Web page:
|The cage sat on 4 bricks, and the water ran onto the table and down a hole|
into a bucket underneath.
Total Cost: ~$30.
|Top of one drainage table, with wood bars removed. The entire sheet of shower liner sloped towards the hole in the center, with was very carefully siliconed.|
|The bars of wood that form the "grill" of the cage were bundled up in tape here for transportation. But see how they sit on the table.|
|Here you can see how well the plastic was slopped towards the center. Easy to wipe clean, never leaked, never rotted.|
Total Cost: ~$150 for both tables.
I went to Lowe's and picked up one large, 2' x 4' x 8' large storage shelf in grey. I comes divided into two parts, so I put them side-by-side instead and got two tables from the one shelving unit. Then I got $1 trays from Walmart and siliconed them onto the top shelf, with a hole through both. This was going to act as the catch tray for the water that fell from the cage's little holes, and would funnel it down and into a bucket. The wood bars would suspend the cages above everything.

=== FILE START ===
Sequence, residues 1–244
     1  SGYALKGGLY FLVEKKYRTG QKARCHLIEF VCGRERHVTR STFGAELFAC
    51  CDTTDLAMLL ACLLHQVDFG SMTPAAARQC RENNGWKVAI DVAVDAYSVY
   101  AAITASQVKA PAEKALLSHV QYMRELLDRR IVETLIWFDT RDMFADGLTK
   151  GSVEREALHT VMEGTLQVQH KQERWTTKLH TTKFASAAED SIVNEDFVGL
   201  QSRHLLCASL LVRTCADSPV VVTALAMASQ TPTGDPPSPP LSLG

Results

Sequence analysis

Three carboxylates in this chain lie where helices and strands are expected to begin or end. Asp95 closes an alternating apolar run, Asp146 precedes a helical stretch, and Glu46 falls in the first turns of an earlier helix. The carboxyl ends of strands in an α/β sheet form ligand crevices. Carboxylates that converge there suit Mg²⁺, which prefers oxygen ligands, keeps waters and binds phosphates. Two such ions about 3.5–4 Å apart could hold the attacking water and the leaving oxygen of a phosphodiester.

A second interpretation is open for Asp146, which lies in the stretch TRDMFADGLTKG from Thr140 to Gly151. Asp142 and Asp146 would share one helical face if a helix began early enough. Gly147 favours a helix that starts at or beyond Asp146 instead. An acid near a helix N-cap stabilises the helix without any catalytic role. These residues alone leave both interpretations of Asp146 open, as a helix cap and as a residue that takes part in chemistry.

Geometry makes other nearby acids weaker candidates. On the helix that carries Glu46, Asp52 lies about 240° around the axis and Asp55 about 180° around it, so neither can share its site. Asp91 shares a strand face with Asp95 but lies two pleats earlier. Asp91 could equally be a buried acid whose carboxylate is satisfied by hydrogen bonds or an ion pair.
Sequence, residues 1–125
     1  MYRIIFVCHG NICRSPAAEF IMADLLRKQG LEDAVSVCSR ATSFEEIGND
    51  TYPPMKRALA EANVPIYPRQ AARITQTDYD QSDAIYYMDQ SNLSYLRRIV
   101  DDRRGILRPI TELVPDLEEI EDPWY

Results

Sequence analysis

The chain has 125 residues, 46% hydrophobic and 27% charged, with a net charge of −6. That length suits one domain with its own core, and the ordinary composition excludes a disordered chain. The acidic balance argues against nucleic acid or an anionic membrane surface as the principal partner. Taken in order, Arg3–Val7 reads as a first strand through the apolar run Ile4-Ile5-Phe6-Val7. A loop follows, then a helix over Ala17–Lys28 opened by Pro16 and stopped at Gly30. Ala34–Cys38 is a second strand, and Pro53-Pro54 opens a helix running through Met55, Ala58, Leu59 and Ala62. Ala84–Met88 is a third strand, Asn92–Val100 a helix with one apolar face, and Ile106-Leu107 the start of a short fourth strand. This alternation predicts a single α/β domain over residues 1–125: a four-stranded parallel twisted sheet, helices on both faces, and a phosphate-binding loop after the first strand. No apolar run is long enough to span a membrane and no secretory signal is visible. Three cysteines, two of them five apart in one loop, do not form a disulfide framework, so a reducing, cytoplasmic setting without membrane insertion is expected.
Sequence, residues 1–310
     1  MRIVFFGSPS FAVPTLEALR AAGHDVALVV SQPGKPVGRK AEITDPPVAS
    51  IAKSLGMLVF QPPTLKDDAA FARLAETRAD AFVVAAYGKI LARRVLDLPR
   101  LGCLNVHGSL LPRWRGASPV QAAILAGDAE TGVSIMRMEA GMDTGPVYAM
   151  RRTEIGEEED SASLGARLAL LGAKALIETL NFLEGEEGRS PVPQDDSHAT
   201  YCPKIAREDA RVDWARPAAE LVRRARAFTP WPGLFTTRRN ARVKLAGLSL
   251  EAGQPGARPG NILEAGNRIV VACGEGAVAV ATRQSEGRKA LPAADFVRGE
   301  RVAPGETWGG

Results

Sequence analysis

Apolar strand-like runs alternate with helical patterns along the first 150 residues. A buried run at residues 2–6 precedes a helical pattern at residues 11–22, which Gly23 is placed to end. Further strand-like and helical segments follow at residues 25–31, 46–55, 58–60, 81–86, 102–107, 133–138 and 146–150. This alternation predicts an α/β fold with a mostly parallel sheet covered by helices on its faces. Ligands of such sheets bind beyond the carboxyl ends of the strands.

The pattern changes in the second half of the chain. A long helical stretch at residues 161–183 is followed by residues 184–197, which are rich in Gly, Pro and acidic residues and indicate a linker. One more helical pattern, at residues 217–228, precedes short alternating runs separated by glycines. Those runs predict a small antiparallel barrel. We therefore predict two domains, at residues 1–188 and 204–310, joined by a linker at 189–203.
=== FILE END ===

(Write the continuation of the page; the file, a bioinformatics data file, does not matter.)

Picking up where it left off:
My Chameleon Room and Cages
|Setting up the drainage before the cages go on.|
|Every 2 cages had this PVC pipe connection to lead water into a single bucket. And because the PVC was so flush against the bottom of the shelf, it could not be seen by visitors.|
|The finished product (before a little more tweaking was done to clean up the extension cords, etc.)|
|Another photo of the finished product.|
So be creative! Although online stores are starting to make water-collecting trays for screen cages, none of them are created in such a way as to lead the water out and away for easy disposal. Think about what you need from your drainage and figure out how to make it. Any one of these products was not overly expensive, perhaps $100 with all the materials. Well worth it if you can save your floors! (Like in my case, since I rent!)